wedding collections With removable cap sleeves

Sheikh marries minor:
Practice continues in Hyderabad even 26 years after Ameena case
Prabhash K Dutta | New Delhi | Friday, August 18, 2017
In 1991, an alert air hostess blew the lid off the practice of bride shopping in Hyderabad. Now, 26 years later, another minor from Hyderabad awaits her rescue from Muscat, Oman

Sixteen-year-old teenager with 65-year-old Omani national
Sixteen-year-old teenager with 65-year-old Omani national

A teenage was married to an elderly Arab man in Hyderabad.
Omani national claims to have paid Rs 5 lakh for the bride.
The bride shopping was first unearthed in 1991 in Ameena case.
Union Minister for Women and Child Development Maneka Gandhi has requested her cabinet colleague and External Affairs Minister Sushma Swaraj to rescue a 16-year-old Hyderabadi girl from Oman. Girl's parents have complained that their daughter was married to a 65-year-old Omani national without their consent.

The news has some shock value for many. But for people living in Hyderabad, this would be part of a rather awkward routine practice in the city for decades.

Early this year a film Yahan Ameena Bikti Hai narrated the story of a girl which blew off the lid of the practice of a Sheikh from the Gulf marrying a minor bride from a poor family of the Old City in Hyderabad.

This film was made in India with the help of a Cameroon-based company and was the official entry from the African country to the 89th Academy Awards held in February this year.


Though in the present case, the minor was taken to Muscat by the Omani national, this is not the general practice. Arab sheikhs taking child brides from Hyderabad don't whisk them away to the Gulf.

Hyderabad has been a happy hunting ground for the rich Arabs looking for young, rather underage, brides since 1970s. The 'business' had been going on well through various rackets unabated till 1991, when the Ameena incident happened.

Ameena, then just 10, was found crying on Gulf-bound flight by air hostess Amrita Ahluwalia. Ameena had been married off to a 60-year-old man from Saudi Arabia for a price of Rs 6,000.

Ameena told Amrita Ahluwalia that the man came to her house but found her elder sister "dark and ugly". So, her father married Ameena off to the Arab man, she told the air hostess. Ahluwalia ensured that Ameena was rescued from the Arab man, who was arrested by Delhi Police when flight landed in New Delhi airport from Hyderabad.

Later, investigation unearthed bride shopping in Hyderabad by rich elderly people from the Middle East. The Ameena case created furore and anger.

The government machinery tried to put a curb on the practice thereafter. But, a 2010 survey of about 100 household in a particular locality in the Old City of Hyderabad showed that 33 families married off their girls to bride shoppers.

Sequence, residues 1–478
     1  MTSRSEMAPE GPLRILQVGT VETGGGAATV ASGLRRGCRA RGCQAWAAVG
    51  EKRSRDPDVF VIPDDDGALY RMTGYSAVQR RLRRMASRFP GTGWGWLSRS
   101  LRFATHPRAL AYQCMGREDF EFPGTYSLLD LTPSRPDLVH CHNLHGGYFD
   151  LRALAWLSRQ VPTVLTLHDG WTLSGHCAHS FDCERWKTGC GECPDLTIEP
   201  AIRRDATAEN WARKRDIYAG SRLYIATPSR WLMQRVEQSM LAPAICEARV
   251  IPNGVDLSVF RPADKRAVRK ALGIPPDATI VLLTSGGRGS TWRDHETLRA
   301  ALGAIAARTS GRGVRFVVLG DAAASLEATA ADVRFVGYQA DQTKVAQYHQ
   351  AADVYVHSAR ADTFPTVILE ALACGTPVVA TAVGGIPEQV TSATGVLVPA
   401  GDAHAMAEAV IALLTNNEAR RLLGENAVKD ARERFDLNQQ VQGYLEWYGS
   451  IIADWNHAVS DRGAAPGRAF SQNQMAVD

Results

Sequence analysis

Hyderabad was a feudal state like several others in the gone by centuries. When it was under the rule of Nizam, it received rich influx of migrants from the Gulf region. Among them was an elite lineage of Choush Arabs.

Choush Arabs were influential migrants from Yemen in the 18th century and held high positions in the Nizam army and administration. The diaspora has maintained its links with the homeland.

While dowry continues to be practiced among the local Muslims of Hyderabad, the Choush Arabs have inherited the custom of paying bride price. Many sociologists are of the view that the practice of bride price has created a bizarre marriage market in Hyderabad - which does not look very different from sex tourism.

The rich Arabs, often called Sheikh in Hyderabad, visit the city on visitor's visa, arrange for a bride through their contacts and divorce them after their period of stay, which may last from 15 days to three months.


The Old City of Hyderabad is the prime marriage market for child brides because of big slum population comprising of poor people migrating into the city from neighbouring areas.

Families marrying off their daughters to rich Arabs are usually the ones having very low education, skill set and earning. The money that they receive as bride price helps them run their families and arrange for a regular wedding later on.

The girls are lured into such a marriage on the pretext of living a wealthy life, moving in big cars, staying in luxury hotels and wearing new expensive dresses. Many girls are forced by their parents or dominating relatives as it happened in the latest case where an uncle allegedly took Rs 5 lakh as the bride price from the Omani national and sold the teenage girl. wedding collections With removable cap sleeves